Vergara presents findings on farmer-to-farmer education in Panama
“We’re not teaching, we are sharing.”
Farmers from rural Panama are learning a more sustainable way to graze their cattle, and now are sharing that knowledge with other farmers who want to learn, too. But, they view the relationship as an informal exchange, rather than a teacher-student relationship ̶ and agricultural extension programs can learn from that view, graduate student Marina Vergara found.
Vergara will present her findings during the Graduate Student Conference, hosted by the UC Davis Hemispheric Institute on the Americas on Friday, March 10, on campus (see box for details). The title of her talk, translated into English, says it all: “We’re not teaching, we are sharing.” Vergara is in the UC Davis Department of Plant Sciences and a master’s degree candidate in the international agricultural development track.
Thanks to her fellowship through HIA, Vergara spent the summer with farmers participating in Yale University's Environmental Leadership and Training Initiative (ELTI) in the Pacific-side province of Los Santos, Panama. For a decade, the initiative has been working with members of APASPE, a local farmer organization, teaching farmers to graze their cattle on land that includes both pasture and trees. Felling forests and jungle to allow for cattle grazing – an important economic activity -- is a standard and widespread practice throughout Latin America, causing a host of environmental problems. Four farmers who have received training through ELTI are now co-facilitating trainings with other farmers coming into the program, and they lead tours of their silvopastoral farm.
“I wanted to see how ELTI’s participatory model facilitates knowledge exchanges between model APASPE farmers and farmers entering the program,” Vergara said. “As an APASPE model farmer explained to me, they are not teachers, but instead sharers of their silvopastoral knowledge and their experiences farming in this system. I wanted to explore the farmer-to-farmer learning dynamic as not just an extension teaching tool, but a way that farmers share information with one another.”
Idea for future extension programs
This view from the farmers’ perspective could affect the way participatory education is implemented in future extension programs, Vergara added.
Vergara has a bachelor’s degree in environmental science, and her graduate advisor is Amanda Crump, an associate professor of teaching. “Receiving funding from HIA provided Marina a great opportunity to learn from Panamanian farmers, and I’m excited she is able to share these findings and learn from other scholars studying in Latin America,” Crump said.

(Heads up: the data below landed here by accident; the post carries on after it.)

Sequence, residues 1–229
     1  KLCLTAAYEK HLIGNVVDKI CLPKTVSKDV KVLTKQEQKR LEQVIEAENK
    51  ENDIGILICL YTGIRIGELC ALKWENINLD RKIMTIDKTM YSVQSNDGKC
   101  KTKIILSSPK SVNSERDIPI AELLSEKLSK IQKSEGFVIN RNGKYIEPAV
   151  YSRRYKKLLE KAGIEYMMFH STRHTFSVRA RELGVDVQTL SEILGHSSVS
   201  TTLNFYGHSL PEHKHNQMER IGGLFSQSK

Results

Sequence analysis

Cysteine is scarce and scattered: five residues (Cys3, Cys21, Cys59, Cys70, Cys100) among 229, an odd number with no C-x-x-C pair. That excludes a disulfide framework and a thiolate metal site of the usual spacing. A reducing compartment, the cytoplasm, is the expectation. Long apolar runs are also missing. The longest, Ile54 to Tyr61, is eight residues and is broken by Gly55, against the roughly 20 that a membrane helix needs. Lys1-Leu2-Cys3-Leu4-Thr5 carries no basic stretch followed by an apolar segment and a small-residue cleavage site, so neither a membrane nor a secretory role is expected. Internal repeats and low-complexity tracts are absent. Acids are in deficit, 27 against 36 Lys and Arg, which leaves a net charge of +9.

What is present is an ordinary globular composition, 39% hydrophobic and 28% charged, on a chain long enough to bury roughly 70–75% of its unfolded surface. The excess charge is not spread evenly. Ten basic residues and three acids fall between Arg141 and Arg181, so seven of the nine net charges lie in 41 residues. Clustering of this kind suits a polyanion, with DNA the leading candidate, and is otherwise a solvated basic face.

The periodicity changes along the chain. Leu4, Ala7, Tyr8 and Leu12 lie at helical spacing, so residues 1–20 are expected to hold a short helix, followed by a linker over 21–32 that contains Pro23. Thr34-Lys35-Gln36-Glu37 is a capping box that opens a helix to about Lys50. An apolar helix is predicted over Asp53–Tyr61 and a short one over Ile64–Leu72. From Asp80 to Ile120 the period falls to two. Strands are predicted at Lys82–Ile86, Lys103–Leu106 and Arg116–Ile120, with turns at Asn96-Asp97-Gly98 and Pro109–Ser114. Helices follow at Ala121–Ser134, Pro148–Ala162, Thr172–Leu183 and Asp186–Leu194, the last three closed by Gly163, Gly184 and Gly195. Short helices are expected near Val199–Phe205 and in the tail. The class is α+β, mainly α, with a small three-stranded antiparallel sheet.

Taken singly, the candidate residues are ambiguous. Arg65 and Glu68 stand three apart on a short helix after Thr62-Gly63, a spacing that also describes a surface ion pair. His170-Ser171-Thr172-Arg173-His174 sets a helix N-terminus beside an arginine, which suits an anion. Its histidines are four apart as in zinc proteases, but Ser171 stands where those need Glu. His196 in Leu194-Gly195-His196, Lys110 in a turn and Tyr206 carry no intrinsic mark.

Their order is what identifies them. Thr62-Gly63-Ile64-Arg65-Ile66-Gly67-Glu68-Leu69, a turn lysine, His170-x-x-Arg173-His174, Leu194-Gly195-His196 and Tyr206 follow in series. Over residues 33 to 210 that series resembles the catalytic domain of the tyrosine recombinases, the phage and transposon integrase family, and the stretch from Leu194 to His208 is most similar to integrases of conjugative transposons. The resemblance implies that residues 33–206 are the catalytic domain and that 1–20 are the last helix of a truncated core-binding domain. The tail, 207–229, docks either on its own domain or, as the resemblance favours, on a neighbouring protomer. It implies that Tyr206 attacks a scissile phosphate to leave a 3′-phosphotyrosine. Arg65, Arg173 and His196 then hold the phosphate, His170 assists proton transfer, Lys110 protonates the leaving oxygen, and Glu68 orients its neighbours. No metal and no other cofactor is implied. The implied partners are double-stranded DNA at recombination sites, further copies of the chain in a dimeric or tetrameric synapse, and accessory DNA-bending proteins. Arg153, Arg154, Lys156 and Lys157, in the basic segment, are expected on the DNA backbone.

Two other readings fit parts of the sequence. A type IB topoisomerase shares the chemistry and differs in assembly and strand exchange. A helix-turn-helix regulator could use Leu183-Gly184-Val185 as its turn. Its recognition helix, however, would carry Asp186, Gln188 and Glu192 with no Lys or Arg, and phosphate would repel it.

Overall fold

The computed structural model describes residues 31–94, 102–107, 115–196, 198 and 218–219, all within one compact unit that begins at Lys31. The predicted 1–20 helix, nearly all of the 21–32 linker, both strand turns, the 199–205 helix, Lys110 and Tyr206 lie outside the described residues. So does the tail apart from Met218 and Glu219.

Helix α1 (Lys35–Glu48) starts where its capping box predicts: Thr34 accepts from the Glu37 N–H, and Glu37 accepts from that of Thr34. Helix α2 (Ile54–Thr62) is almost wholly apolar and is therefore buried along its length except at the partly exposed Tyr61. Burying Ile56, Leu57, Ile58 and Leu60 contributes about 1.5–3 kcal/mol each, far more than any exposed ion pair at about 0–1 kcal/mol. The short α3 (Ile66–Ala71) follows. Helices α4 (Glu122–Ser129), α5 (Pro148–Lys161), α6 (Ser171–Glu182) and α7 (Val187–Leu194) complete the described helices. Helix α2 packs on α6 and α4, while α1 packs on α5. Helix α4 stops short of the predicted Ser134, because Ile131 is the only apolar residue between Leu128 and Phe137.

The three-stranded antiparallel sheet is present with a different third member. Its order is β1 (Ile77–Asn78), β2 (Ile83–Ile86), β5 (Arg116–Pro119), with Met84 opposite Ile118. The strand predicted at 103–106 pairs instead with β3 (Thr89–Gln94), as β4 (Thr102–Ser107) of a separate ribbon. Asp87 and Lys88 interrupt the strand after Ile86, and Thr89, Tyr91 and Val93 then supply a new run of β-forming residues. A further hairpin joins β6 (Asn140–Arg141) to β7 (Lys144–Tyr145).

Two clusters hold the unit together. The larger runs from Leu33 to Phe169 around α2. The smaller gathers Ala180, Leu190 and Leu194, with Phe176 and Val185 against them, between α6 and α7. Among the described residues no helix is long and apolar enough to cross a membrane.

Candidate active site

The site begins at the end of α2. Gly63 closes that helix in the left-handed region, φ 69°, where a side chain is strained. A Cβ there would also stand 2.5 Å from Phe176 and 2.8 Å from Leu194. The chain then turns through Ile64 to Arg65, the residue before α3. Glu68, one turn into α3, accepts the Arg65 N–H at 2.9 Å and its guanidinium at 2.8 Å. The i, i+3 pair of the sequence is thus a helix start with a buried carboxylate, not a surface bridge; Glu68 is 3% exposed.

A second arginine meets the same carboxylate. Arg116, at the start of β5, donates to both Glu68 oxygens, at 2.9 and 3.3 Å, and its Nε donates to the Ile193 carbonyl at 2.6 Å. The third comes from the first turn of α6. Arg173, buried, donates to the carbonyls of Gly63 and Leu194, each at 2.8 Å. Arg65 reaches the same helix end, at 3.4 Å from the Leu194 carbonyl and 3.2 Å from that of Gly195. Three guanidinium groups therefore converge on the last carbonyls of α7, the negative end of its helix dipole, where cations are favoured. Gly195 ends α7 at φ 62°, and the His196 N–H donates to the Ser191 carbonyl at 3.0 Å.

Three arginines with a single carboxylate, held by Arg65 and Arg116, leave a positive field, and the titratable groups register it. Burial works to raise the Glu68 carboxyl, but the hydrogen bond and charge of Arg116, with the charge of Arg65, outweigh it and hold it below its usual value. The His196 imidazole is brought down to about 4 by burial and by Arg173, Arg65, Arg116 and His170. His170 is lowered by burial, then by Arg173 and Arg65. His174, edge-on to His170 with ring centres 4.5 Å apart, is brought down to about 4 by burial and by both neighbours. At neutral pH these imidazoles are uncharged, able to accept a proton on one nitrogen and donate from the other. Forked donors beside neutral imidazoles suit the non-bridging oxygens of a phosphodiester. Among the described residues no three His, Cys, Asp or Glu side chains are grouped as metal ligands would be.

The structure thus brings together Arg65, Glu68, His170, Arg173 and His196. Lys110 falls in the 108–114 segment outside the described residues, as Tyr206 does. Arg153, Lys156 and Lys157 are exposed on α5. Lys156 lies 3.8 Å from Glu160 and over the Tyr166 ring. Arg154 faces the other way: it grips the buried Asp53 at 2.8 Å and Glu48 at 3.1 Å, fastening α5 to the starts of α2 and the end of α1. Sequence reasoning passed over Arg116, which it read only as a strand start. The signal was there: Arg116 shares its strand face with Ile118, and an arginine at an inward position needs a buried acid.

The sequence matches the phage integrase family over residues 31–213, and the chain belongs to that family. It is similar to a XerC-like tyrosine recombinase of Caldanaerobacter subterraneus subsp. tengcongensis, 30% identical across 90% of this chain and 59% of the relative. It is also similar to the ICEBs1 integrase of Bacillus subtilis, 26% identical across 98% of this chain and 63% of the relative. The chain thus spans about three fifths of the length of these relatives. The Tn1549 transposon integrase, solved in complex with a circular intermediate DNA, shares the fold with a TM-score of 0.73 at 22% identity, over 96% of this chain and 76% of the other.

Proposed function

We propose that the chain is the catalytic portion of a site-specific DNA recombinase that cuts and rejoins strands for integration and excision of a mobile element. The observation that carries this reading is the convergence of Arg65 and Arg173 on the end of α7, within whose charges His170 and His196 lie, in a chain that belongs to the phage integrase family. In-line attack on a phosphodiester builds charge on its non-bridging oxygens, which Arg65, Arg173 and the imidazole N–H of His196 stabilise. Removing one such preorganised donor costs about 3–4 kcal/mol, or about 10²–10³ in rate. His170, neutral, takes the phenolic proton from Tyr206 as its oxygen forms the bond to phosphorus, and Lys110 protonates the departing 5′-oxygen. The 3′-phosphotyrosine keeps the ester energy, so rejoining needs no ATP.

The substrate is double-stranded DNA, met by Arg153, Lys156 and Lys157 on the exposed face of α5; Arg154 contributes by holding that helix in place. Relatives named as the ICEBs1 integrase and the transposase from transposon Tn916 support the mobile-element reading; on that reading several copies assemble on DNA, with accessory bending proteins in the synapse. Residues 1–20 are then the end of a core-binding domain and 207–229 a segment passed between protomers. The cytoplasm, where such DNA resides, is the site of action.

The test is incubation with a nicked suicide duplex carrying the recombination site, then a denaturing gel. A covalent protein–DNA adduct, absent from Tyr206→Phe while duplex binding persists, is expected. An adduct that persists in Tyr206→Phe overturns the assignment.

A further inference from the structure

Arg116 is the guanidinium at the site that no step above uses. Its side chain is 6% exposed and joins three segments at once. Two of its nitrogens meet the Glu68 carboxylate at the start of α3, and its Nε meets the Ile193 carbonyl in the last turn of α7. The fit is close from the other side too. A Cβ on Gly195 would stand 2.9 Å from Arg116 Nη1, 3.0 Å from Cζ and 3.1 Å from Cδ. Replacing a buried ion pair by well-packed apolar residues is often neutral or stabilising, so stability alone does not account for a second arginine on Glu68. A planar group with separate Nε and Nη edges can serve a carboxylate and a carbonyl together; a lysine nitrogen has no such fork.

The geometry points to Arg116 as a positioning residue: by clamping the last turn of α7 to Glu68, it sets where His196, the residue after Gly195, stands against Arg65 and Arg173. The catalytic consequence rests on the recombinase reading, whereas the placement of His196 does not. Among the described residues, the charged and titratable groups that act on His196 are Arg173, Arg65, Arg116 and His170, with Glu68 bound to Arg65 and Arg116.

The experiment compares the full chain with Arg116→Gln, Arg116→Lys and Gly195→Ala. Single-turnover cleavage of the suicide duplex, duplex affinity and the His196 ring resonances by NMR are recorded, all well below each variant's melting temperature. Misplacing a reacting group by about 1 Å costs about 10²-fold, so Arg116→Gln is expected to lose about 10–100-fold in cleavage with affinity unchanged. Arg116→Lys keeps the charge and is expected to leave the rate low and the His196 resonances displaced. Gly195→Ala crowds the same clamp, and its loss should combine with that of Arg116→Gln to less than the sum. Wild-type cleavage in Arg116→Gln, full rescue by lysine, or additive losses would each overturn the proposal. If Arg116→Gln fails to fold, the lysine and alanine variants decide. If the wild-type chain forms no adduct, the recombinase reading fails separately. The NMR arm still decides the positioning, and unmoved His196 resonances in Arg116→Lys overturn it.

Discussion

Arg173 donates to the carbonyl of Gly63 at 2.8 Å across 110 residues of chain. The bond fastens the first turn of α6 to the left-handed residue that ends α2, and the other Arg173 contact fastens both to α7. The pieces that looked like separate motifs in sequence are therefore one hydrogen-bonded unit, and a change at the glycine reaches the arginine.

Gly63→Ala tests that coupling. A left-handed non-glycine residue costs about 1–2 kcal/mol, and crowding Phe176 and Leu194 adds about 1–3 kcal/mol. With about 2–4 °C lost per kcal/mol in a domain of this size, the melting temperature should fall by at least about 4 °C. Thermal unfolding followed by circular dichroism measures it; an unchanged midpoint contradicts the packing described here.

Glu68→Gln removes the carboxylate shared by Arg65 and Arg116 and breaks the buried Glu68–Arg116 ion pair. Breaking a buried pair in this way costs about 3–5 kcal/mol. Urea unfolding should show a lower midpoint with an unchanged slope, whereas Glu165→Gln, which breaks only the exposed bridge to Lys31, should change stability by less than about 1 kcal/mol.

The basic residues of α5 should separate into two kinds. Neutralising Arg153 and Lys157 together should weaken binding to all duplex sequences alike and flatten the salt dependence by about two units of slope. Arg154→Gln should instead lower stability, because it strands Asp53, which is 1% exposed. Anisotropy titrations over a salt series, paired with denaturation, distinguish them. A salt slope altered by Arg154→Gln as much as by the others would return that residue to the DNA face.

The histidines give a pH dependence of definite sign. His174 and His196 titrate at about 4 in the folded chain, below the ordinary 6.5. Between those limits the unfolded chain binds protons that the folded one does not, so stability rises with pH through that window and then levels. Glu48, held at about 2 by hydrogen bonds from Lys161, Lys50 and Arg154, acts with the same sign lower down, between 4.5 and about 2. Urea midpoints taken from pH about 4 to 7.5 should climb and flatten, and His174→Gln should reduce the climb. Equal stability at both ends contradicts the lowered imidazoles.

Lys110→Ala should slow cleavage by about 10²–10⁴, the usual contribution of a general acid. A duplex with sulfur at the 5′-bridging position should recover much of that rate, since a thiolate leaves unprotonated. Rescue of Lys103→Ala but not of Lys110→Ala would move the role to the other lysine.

The HID Graduate Student Conference will be held from 9:30 a.m. to 4 p.m. Friday, March 10, at the Andrews Conference Room, Social Sciences and Humanities 2203, on campus. All are welcome, and no registration is necessary.
Vergara will speak from 9:30-10 a.m. Her topic is: “No Estamos Enseñando, Estamos Compartiendo: A Phenomenological Study Exploring Participatory Extension in Panama.” Vergara was among 12 UC Davis students to receive HIA fellowships for their work and who will present at the conference.
“We are proud of the work these students are doing,” added HIA Director Juan Diego Díaz. “This is the flagship event of our institute, and we are hoping to raise awareness of the work of our students and also to get more financial support for the much-needed HIA Summer Fellowships.”
- The conference is from 9:30 a.m. to 4 p.m. Friday, March 10, at the Andrews Conference Room (Room 2203), in the Social Sciences and Humanities Building.
- Marina Vergara is the first speaker, at 9:30 a.m.
- Admission is free
- Click here for the onference program
Juan Diego Díaz, Director, Hemispheric Institute of the Americas
- Trina Kleist, UC Davis Department of Plant Sciences, email@example.com, (530) 754-6148 or (530) 601-6846